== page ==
Rachel A. Smith
- Ph.D. Communication, Michigan State University, 2003.
- M.S. Communication, University of Arizona, 1999.
- B.A. CLA, Psychology; B.S. COC, TV/Film, Boston University, 1994.
Research Activities and Interests
My research focuses on developing and testing theories of social influences (e.g., stigma, social networks, and social cognition) in health communication (e.g., compliance, message sharing and network circulation, disclosure, and behavioral adoption) in domestic and international contexts. My research has addressed a variety of health and wellness topics, with particular attention to infectious disease, genomics, and antibiotic resistance (particularly social topics). Specific interests include:
- Developing theories of how communication choices trigger stigma-related processes, how stigmas shape communication, and how people use communication to manage stigmas and stigmatization (currently funded in R21HG007111)
- Developing theories, techniques, and decision-making to optimize health interventions by identifying critical message features and critical people within social networks that facilitate and inhibit compliance, diffusion, and behavioral adoption in managing health ailments
- Applying mathematical modeling, person-centered and network-based approaches to inform theory testing and campaign evaluation
- CAS 202: Communication Theory (next offered as CAS 202H, Fall 2015)
- CAS 453: Health Communication
- CAS 561: Quantitative Research Methods
- CAS 563: Pairs & Pairings (dyadic and social network analysis)
- CAS 567: Health Campaigns (next offered, Fall 2015)
- Social influence: compliance dynamics, stigma, message sharing and network circulation
- Health campaign design & evaluation
- Quantitative methods: system sciences, mathematical models, person-centered methods,
- Health contexts: infectious disease, genomics, antibiotic resistance
Examples of Recent Publications
- Smith, R. A., Quesnell, M., Glick, L., Hackman, N., & M’ikanatha, N. M. (in press). Preparing for antibiotic resistance campaigns: A person-centered approach to audience segmentation. Journal of Health Communication.
- Smith, R. A., Parrott, R. L., & Wienke, S. E. (in press). Keeping secrets or educating others: A dyadic analysis of group entitativity’s influence on spouses’ label management connected to AATD. Health Communication.
- Greenberg, M., & Smith, R. A. (in press). Support seeking or familial obligation: An investigation of motives for disclosing genetic test results. Health Communication.
- Fink, E., High, A., & Smith, R. (online first, 2014). Compliance dynamics within a friendship network II: Structural positions used to garner social support. Human Communication Research. DOI: 10.1111/hcre.12038
- Smith, R. A., M’ikanatha, N. M., & Read, A. F. (online first, 2014). Antibiotic resistance: A primer and call to action. Health Communication. Doi: 10.1080/10410236.2014.943634
- Smith, R. A. (2014). Testing the model of stigma communication with a factorial experiment in an interpersonal context. Communication Studies, 65, Special Issue on Stigma, 154-173. Doi: 10.1080/10510974.2013.851095
- Smith, R. A., & Hughes, D. (2014). Infectious disease stigmas: Maladaptive in modern society. Communication Studies, 65, Special Issue on Stigma, 132-138. Doi: 10.1080/10510974.2013.851096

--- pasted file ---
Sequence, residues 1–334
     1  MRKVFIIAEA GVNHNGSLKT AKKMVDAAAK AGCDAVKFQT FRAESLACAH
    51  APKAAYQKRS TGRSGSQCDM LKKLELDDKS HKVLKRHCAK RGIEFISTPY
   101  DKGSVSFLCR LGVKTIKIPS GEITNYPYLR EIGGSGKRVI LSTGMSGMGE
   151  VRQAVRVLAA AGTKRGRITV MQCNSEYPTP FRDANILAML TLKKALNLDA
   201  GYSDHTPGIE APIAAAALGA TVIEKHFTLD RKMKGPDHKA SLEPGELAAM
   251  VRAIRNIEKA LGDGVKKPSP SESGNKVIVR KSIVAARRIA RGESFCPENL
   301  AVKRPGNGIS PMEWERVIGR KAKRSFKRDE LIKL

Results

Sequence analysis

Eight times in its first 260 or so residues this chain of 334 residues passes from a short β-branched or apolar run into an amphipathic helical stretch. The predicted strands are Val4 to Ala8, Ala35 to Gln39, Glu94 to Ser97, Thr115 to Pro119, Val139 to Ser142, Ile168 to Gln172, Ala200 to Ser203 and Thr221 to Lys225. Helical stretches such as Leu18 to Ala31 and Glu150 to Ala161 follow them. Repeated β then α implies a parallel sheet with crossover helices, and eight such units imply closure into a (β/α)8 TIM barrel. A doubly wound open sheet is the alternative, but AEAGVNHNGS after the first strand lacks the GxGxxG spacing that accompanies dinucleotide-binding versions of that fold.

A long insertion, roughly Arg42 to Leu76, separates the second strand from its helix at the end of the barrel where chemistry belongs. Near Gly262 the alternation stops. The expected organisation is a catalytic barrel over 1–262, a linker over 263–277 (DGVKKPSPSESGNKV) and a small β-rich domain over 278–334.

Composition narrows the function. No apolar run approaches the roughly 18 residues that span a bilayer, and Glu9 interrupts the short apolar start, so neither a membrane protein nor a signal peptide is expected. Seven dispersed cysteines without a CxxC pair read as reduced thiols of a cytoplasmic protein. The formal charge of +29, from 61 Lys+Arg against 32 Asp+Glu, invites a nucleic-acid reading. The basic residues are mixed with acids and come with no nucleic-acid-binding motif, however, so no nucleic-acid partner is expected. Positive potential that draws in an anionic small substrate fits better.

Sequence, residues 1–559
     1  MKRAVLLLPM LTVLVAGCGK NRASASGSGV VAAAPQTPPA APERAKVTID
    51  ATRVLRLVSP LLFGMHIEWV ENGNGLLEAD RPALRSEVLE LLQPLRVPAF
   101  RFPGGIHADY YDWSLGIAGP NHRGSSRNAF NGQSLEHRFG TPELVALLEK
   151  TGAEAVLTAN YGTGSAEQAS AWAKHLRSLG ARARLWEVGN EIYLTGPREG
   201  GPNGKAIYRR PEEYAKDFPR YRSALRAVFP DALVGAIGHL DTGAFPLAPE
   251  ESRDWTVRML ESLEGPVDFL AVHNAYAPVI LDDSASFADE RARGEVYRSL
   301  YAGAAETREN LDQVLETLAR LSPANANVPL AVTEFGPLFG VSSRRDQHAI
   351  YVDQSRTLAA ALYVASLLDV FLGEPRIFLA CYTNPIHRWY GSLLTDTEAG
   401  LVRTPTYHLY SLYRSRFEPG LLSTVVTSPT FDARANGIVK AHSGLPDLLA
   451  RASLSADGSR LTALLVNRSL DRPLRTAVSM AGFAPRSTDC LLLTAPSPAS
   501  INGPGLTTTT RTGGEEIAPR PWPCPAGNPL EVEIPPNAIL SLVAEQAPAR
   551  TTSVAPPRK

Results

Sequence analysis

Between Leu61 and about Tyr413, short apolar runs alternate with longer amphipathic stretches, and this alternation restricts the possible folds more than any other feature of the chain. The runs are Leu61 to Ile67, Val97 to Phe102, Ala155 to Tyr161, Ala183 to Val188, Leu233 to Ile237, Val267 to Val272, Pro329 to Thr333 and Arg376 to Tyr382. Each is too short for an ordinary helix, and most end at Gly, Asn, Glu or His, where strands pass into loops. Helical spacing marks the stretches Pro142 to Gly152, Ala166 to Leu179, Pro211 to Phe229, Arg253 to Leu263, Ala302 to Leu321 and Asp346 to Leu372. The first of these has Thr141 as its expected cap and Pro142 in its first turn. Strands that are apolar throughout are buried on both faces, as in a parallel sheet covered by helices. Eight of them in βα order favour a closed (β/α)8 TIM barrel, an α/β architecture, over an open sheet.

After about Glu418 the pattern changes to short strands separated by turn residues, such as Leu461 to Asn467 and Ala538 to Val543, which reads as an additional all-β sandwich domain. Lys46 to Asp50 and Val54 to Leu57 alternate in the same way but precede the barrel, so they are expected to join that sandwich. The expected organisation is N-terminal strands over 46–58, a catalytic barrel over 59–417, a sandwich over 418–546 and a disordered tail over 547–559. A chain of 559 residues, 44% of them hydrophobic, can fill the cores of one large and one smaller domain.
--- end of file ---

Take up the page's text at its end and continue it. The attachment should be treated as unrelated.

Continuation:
- Smith, R. A., Wienke, S. E., & Coffman, D. L. (2014). Alpha-1 couples: Interpersonal and intrapersonal predictors of spousal communication and stress. Journal of Genetic Counseling, 23, 212-220. Doi: 10.1007/s10897-013-9639-6
Teaching Excellence Award, Texas Exes at the University of Texas at Austin, 2007. Nominee for Distinction in Teaching, Phi Beta Kappa, Texas Chapter, 2006.
Top Paper Awards, International Communication Association, Mass Communication Division (2006), Information Systems Division (2004).
Lydia Glick (Schreyer Honors, 2015). Maddie Quesnell (MA, 2015). Xun "Joe" Zhu (PhD, 2018)
Past Student Advisees
Postdoctoral: Michelle Baker (2013). PhD: Hye Jeong Choi (2013); MA: Marisa Greenberg (2014), Danielle Catona (2010), Alleen Carmen (2007), Kimberly Schaeffer (2007), & Amber Reimer (2006); Honors: Katharine Pecorino (2014), Caitlin Mingey (2011), & Carey Bell (2011)
Rachel Smith, PhD is an Associate Professor of Communication Arts & Sciences and Human Development & Family Studies, and an Investigator in the Center for Infectious Disease Dynamics at the Pennsylvania State University. Smith is a quantitative, social scientist who studies social influences in health. Her research centers on identifying message features and structural power associated with the uptake and diffusion of health beliefs and behaviors; as well as the effects of health perceptions on people’s message production and interaction patterns. Her current research centers on building and testing theories focusing on the relationships and dynamics among health stigmas, communication, and infectious disease. She uses a variety of quantitative methods, including dyadic analysis and social network analysis, to investigate these issues.
She has expertise in health message design and evaluation, and extensive experience with the evaluation of funded programs nationally and internationally. For example, she led the community-characteristics research arm of PEPFAR program evaluations with JHUCCP for Namibia (2004-2007), including network mapping and analysis, completed formative research to inform the development of two innovations for malaria and food security in Mozambique (2009-2011), and contributed to a working team focused on scale up for impact for the Gates Foundation (2012). She has made numerous presentations in scientific, technical, policy, and advocacy fora, and authored over 60 scientific, technical, and public health articles and chapters, the majority in peer-reviewed journals.